Type 2 Diabetes Remission: What is it and How Can it be Done?
By Emma Ryan and Jimmy McDermott
Learn about three ways that may put type 2 diabetes into remission: low-carbohydrate diets, low-calorie diets, and bariatric surgery
Type 2 diabetes is traditionally described as a progressive disease – without major lifestyle changes, A1C levels will gradually increase over time, and more medications such as insulin will be required to manage diabetes. Thus, people with type 2 diabetes are often surprised to hear that they may be able to “reverse” their diabetes or put it “into remission.”
Because reversal can imply a permanent cure, a more apt term for this topic might be “diabetes remission.” This generally means reducing A1C to the level of someone without diabetes (less than 6.5%) and either eliminating diabetes medications altogether or limiting medication to metformin.
While this is not be possible for everyone with type 2 diabetes, it is an exciting option for some. This article defines diabetes remission and discusses three evidence-based methods to obtain it:
- low-carbohydrate diets
- low-calorie diets
- bariatric surgery
We also share practical tips from a person with type 2 diabetes who has been on the remission journey for two years.
What exactly is diabetes remission?
Current scientific thinking suggests that weight loss is likely the driving force for remission in type 2 diabetes. According to one theory, the “Twin Cycle Hypothesis,” when extra fat is deposited in the liver due to weight gain, fat accumulates in the pancreas and impairs insulin-producing beta cells. Many believe that reducing fat in the pancreas through overall weight loss helps restore normal insulin production.
The definition of diabetes remission slightly differs depending on who you ask:
Researchers in the DiRECT diabetes remission trial defined it as having an A1C below 6.5% (the cutoff for a type 2 diabetes diagnosis) and discontinuing all diabetes medications for at least two months.
Another group of experts defined remission as having an A1C below 5.7% (the cutoff for prediabetes) and discontinuing all diabetes medications for at least one year.
Others believe that someone can be in remission while still taking metformin, as long as they have discontinued other diabetes medications and lowered their A1C to below 6.5%.
When discussed in diaTribe, we are referring to the first definition: an A1C below 6.5% and discontinuing all diabetes medications for at least two months.
However you define remission, any reduction in A1C and/or weight loss is likely to lower the risk of long-term complications. Lower insurance costs, increased well-being, and no longer having to take medications are also important to many. While getting off all medications is not necessarily the end goal for people with diabetes, especially given the advances in heart and kidney protection with drugs like GLP-1 agonists and SGLT-2 inhibitors, discontinuing one or more medications may mean fewer side effects and financial savings. As an aside, learning more about cardio-protective and kidney-protective medicine is a goal we believe in for anyone with type 2 diabetes, regardless of glycemic health – consider asking your healthcare provider about these medications if you have type 2.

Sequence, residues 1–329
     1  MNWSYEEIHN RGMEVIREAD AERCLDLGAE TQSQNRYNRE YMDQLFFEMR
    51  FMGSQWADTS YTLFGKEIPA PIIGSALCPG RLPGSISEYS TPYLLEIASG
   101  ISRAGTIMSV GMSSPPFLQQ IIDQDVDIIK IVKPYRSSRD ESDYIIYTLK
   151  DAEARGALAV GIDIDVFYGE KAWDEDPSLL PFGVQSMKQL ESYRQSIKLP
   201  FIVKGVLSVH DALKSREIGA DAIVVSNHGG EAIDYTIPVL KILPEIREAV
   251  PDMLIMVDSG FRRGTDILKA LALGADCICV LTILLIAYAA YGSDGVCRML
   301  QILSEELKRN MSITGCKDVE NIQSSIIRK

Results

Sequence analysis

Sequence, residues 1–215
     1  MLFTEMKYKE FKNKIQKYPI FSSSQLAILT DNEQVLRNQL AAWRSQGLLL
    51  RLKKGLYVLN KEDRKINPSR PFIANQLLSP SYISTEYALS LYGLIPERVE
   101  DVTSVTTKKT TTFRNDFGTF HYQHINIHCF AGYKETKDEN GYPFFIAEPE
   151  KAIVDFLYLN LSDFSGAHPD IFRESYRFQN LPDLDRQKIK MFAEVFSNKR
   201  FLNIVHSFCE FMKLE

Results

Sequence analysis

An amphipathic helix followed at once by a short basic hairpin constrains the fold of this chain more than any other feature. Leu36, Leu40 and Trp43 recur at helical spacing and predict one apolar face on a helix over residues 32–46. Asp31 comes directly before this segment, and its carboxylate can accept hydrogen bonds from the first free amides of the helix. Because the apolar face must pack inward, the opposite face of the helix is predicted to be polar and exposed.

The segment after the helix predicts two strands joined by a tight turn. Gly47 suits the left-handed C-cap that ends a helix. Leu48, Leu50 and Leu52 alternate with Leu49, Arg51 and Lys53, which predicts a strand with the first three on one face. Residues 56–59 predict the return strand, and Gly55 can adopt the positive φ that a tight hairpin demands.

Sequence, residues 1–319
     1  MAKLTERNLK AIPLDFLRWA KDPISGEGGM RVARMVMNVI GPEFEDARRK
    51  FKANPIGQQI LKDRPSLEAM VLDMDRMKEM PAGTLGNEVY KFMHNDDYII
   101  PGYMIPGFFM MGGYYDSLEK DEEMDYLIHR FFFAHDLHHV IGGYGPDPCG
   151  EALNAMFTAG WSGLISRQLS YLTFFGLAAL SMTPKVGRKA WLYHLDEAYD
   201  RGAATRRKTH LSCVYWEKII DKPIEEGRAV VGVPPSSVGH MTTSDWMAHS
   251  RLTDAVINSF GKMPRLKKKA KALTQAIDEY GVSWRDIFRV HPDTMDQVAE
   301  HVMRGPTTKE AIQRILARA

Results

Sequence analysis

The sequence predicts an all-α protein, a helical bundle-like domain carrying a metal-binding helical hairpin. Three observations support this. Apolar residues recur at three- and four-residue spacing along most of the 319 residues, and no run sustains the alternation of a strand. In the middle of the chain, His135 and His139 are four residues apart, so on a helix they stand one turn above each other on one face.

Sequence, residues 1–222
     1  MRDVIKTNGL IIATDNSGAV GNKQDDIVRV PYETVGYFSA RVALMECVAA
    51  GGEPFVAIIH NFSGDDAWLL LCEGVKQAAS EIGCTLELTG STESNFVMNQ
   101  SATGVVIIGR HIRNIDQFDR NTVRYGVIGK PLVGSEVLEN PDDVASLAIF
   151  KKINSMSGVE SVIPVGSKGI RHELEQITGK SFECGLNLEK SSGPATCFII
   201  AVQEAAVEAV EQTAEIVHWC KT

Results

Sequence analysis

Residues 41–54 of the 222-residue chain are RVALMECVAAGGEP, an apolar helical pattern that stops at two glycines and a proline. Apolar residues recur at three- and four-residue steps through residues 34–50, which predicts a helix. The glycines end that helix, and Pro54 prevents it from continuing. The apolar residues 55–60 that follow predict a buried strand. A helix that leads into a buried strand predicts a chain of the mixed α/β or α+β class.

How have people with type 2 diabetes reached remission?
Remission has been shown to be due to normalization of the high fat levels inside liver and pancreas, and the only way to achieve this is by major weight loss. There are three main ways that people have put their diabetes into remission: a low-carbohydrate diet, a low-calorie diet, and bariatric surgery.
1. A low-carbohydrate diet
One model for weight loss suggests that reducing carbohydrate consumption decreases fat storage, reduces hunger, and increases energy expenditure. According to this model, the primary driver of weight gain is the insulin production triggered by consumption of carbohydrates. Some researchers also suggest that A1C can be improved by a low-carbohydrate diet in the absence of weight loss (see a review of evidence here). However, without accompanying weight loss, a low-carb diet may not address the fatigued beta cells that are at the root of type 2 diabetes. In other words, someone with diabetes on a low-carb diet may have a lower A1C as a result of the body needing to process fewer carbohydrates, but this in itself does not “reverse” the physical processes behind type 2 diabetes progression.
Some people who lower their carbohydrate intake follow a ketogenic diet (or “keto diet”), typically eating fewer than 60 grams of carbohydrate per day. This forces the body to burn fat instead of carbohydrates for energy. In some people, this accelerates weight loss, which can lead to diabetes remission. Others follow less restrictive low-carbohydrate diets that still allow for up to 130 grams of carbohydrate per day – i.e., a “Low Carb, High Fat” or “Low Carb, Healthy Fat” (LCHF) approach.
Some researchers believe that carbohydrate tolerance must be individualized to achieve remission in a given person. For example, one person may be able to sustain diabetes remission on up to 100 grams of carbs per day, while another can only handle 50 grams of carbs per day.
2. Low-calorie diet
A recent notable study unveiled last month, Diabetes Remission Clinical Trial (DiRECT), tested whether restricting calories consumed would lead to diabetes remission. Study participants ate around 850 calories per day for three months, followed by 2-8 weeks on a food reintroduction program, finally followed by a program for weight loss maintenance, which involved monthly check-ins and encouragement to increase daily physical activity.